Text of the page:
Goodbye NH; Hello Maine
June has been the rainiest month on record in New Hampshire. The four days covered in this post include three rain days and one cloudy overcast day. Day 75 saw me move into Maine with a hope for better weather.
I plan to return to New Hampshire, but in a car, and to drive to the top of Mount Washington on a clear day so I can see what I’ve been missing for the last couple of weeks.
The White Mountains were a challenge. The final climb before Maine is aptly named Mount Success. Congratulations to all hikers that have made it this far.
Some final pics from NH…
Day 73 – Pinkham Notch to Imp shelter (13 miles)
Day 74 – Imp shelter to Rt. 2 (8 miles)
Day 75 – Rt. 2 to Carlo Col shelter (17 miles)
Day 76 – Carlo Col shelter to Speck Pond shelter (9 miles)
The last big set of mountains in New Hampshire are known as the Wildcats and include several Peaks. Because of the rate of ascent, it’s recommended that they not be traversed in bad weather, but clear skies were not in the foreseeable forecast.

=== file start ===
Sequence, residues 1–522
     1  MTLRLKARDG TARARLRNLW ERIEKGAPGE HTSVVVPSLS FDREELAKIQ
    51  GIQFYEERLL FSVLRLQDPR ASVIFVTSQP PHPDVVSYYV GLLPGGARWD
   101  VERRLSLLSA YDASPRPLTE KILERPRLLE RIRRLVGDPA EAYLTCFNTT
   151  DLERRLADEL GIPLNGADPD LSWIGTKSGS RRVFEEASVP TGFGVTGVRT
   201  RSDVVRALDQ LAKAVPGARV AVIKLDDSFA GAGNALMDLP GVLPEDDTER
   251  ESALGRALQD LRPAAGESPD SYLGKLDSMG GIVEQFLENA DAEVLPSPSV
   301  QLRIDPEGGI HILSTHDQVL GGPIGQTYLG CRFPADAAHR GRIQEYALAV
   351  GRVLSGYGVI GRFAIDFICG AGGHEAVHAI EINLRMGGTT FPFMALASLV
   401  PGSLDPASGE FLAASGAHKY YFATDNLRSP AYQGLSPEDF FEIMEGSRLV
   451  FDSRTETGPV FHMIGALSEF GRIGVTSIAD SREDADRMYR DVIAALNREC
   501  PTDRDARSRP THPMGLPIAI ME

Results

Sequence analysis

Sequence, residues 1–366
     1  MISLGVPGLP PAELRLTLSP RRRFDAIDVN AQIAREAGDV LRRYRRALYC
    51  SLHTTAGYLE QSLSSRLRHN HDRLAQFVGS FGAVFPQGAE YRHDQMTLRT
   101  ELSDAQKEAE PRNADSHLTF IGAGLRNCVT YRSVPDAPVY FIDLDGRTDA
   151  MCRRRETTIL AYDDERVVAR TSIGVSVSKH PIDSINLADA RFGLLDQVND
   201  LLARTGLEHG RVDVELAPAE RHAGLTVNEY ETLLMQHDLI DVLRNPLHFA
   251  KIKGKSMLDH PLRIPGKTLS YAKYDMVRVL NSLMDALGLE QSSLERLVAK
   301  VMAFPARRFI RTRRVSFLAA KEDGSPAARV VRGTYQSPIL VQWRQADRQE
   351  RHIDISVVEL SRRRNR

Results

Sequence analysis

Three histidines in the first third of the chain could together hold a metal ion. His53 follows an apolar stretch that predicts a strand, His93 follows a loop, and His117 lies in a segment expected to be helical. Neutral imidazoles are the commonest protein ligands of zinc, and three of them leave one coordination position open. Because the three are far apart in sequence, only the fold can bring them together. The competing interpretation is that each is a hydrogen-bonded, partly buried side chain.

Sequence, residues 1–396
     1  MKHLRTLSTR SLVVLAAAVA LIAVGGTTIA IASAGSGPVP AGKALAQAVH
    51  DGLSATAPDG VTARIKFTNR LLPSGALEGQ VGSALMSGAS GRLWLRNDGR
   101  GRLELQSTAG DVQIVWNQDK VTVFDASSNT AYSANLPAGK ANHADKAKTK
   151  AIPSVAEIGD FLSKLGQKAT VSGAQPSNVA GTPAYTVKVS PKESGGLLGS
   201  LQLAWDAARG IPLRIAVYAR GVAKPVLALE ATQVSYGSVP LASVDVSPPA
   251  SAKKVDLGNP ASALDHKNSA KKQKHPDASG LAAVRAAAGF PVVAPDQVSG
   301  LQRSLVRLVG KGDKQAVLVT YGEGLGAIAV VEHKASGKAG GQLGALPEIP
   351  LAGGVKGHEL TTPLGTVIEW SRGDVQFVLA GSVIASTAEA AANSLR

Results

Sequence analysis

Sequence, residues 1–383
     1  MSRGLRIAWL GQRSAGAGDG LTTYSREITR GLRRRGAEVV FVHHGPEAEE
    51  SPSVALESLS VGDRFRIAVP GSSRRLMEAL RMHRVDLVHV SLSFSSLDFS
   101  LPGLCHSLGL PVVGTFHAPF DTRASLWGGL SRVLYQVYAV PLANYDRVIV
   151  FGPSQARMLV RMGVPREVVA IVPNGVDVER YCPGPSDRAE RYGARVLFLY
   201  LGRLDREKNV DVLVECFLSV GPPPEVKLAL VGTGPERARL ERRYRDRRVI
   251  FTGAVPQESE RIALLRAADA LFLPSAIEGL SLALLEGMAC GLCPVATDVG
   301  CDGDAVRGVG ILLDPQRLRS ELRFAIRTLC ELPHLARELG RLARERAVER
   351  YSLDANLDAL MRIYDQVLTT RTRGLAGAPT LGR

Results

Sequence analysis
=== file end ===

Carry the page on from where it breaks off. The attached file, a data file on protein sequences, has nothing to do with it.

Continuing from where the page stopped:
Photo credits to hiker NatGeo to provide some perspective.
And this formation known as the Guillotine.
…doesn’t really exist on the trail. There are no picnics or fireworks; most hikers don’t know the day of the week, much less the date.
I was fortunate. I hiked through Mahoosuc Notch on my 4th. The ‘Notch’ is known to be the most difficult and dangerous (fun) mile on the AT. Pictures won’t do it justice, but there’s a lot of boulder hopping, squeezing, and praying to get through. We completed the obstacles in a very respectable 80 minutes.
How are Your Feet?
How are my wh…?! Well, since you asked, my feet are fair. Hiker feet should not be taken for granted, and mine aren’t. Since starting the trail, I haven’t had a single blister; not one.
But, days and days of wet muddy shoes take their toll. The mountain soil includes silica from the quartz stone, which is similar to microscopic glass. Despite how tough your feet have become, when your socks are muddy the friction becomes like sandpaper on your skin. See my small toe and heel.
These aren’t too bad; I’ve seen much worse. I’ve learned that in order to avoid those raw red areas, I need to stop at streams and rinse my socks when muddy, even though it may make them more wet. Eventually, they de-prune (un-prune?) at night.
And There’s This
Thanks for listening.
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